Warning: Where’s Baby? Look Before You Lock Your Car!

As a former paramedic, I can tell you there are few things as heart-wrenching as responding to an event dealing with a child. Especially those events that are preventable such as drowning, poisoning and the following. Please read.

This week the National Highway Traffic Safety Administration (NHTSA) launched its first-ever national campaign to get the message out about the harmful and potentially fatal effects of leaving children in hot cars.

The Where’s baby? Look Before You Lock message asks all parents, grandparents, and other care-givers to be mindful when leaving your vehicle.

Cars heat up quickly – even with a window rolled down two inches, if the outside temperature is in the low 80s, the temperature inside a vehicle can reach deadly levels in just 10 minutes. Young children, those under 4 years old, are particularly at risk because their bodies overheat more easily.

So this campaign is a call-to-action for parents, families, and everyone who cares about the safety of children. As NHTSA Administrator David Strickland said, “While parents are the first line of defense when it comes to preventing heatstroke in hot cars, everyone in the community has a role to play in keeping kids safe.”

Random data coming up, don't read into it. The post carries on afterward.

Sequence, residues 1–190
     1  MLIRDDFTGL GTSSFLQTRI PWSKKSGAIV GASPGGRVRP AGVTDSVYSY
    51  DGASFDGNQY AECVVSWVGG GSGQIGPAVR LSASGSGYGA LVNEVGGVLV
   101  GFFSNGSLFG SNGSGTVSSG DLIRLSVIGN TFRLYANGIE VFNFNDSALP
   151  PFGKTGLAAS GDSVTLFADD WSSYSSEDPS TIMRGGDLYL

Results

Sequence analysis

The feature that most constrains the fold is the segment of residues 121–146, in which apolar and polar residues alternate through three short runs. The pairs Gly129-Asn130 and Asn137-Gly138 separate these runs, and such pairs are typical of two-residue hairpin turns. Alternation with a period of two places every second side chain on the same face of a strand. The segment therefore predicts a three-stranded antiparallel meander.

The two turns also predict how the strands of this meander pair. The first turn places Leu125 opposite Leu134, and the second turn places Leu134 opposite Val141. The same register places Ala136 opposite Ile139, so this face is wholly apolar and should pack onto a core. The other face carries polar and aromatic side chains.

NHTSA also offers Hyperthermia Prevention Safety Tips:

  • Never leave a baby or young child unattended in a vehicle—even if you leave the windows partly open or the air conditioning on.
  • Make a habit of looking in the vehicle – front and back – before locking the door and walking away.
  • Do things to remind yourself that a child is in the vehicle, such as:
    • Writing yourself a note and putting it where you will see it when you leave the vehicle;
    • Placing your purse, briefcase or something else you need in the back seat so that you will have to check the back when you leave the vehicle;
    • Keeping an object in the car seat, such as a stuffed toy. When the child is buckled in, place the object where you’ll notice it when leaving the vehicle.
  • If you see a child alone in a vehicle, call the police. If they are in distress due to heat, get them out as quickly as possible. Cool the child rapidly. Call 911 or your local emergency number immediately.

PS.  Dogs left in cars can suffer the same fate as children.

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About the Author

Jim began his EMS career in 1974. Since that time he has worked providing direct patient care, has been a Field Training Officer and more recently was the National Director of Safety and Risk for AMR. He is currently writing a book on achieving safety success in EMS and maintains an EMS Safety site and blog. (www.emsafety.net).

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